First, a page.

Friday, August 10, 2012

Water, water...well, nowhere. But 3 Boys Farm can handle the drought.

Drought-stressed corn (Image: CraneStation/Flickr)

As severe drought conditions destroy record numbers of crops and endanger yet more across the United States, farmers are understandably reassessing the bill of goods they were sold by multinational Big Biotech companies who pushed GMO (genetically modified) seeds, always promising greater yields, no matter what conditions were, no matter what was sprayed on them. The truth about those products, as usual, turns out to be much more complicated than the superficial claims dreamed up by advertising copywriters.

We're reminded of a television ad from the 1970's in which a tiara-wearing fairy goddess scolds people who've just given her a muffin slathered with margarine that she is supposed to have mistaken for real butter:

It's not NICE to fool Mother Nature!

No, it isn't. Fooling Mother Nature is also a feat that, in the long run, is pretty much impossible to pull off--something Big Ag and Big Biotech companies would do well to realize.

From Wired's Science section comes this sobering post, entitled Why King Corn Wasn't Ready for the Drought.  Apparently, even as GMO seeds--ones designed to tolerate, say, massive applications of weedkiller or pesticide--wind up causing unintended consequences (you guessed it: they're breeding Super-Weeds and Super-Bugs), biotech companies are still trying to fool Mother Nature, creating seeds they claim will handle drought.  The benefits will be limited, however, and one agricultural economist says it's because Big Biotech has not, to date, viewed drought-tolerance as a moneymaking thing into which to pour research dollars:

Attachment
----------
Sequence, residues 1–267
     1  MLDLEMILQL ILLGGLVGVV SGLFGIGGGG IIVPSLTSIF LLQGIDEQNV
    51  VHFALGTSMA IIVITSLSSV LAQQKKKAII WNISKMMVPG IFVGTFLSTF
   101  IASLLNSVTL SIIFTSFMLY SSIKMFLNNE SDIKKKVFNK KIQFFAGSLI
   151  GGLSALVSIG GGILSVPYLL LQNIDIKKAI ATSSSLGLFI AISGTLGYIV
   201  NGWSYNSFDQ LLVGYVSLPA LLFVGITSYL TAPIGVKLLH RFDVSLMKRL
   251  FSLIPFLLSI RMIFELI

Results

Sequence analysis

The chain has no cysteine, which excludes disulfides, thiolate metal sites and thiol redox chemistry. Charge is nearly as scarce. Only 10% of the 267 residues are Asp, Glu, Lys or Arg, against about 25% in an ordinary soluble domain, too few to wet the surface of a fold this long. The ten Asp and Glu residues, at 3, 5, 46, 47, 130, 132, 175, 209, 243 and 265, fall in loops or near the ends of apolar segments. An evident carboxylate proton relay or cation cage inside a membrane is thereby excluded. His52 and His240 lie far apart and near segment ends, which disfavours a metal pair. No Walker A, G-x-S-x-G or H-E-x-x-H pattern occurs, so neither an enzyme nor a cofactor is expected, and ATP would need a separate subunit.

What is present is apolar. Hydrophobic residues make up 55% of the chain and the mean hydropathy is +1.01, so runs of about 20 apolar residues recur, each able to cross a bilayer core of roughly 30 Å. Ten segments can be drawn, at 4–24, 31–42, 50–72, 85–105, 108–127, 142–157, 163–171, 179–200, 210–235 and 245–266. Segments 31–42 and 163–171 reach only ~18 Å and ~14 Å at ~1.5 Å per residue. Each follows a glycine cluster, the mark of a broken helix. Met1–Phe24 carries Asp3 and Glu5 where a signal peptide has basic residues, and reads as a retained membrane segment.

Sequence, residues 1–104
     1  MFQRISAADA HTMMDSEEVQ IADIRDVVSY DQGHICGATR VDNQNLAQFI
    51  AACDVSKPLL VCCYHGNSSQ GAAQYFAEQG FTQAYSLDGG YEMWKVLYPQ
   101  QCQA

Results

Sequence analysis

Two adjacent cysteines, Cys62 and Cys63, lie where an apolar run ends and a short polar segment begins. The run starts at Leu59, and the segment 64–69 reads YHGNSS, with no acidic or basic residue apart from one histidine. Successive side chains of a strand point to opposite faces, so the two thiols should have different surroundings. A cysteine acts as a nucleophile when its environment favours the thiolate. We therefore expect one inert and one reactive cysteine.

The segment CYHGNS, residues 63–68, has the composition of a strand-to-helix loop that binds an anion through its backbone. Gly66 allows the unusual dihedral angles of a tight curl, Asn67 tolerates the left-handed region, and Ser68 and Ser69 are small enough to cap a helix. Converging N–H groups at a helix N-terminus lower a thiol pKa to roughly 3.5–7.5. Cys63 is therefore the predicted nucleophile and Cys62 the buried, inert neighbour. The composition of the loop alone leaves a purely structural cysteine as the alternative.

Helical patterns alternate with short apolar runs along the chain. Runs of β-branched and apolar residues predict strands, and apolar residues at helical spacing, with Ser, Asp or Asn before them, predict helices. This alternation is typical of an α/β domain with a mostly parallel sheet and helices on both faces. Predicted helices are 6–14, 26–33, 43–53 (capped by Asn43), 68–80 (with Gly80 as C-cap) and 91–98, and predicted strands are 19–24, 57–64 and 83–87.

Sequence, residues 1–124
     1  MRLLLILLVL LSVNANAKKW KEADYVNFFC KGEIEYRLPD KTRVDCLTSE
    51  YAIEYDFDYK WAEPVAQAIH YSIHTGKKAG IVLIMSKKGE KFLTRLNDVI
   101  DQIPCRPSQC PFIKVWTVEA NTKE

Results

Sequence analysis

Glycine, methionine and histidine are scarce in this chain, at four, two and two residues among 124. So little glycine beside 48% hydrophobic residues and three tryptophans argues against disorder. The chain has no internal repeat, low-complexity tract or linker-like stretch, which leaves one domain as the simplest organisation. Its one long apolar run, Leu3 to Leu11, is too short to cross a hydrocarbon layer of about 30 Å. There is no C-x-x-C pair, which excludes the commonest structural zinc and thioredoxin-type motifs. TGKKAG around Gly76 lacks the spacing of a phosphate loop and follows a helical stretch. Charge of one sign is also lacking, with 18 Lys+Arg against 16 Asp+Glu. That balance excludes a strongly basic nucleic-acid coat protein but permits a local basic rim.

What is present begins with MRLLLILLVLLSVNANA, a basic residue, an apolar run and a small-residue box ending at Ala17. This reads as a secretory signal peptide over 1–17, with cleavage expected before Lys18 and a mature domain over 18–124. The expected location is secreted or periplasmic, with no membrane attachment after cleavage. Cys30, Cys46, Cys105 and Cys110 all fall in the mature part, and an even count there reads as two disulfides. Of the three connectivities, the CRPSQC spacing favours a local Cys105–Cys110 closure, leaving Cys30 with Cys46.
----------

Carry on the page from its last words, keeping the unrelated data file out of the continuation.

If they work as advertised, the varieties could be quite useful in droughts of low to moderate intensity. Their utility in the crucible that much of the central and western United States is expected to become, however, will likely be limited.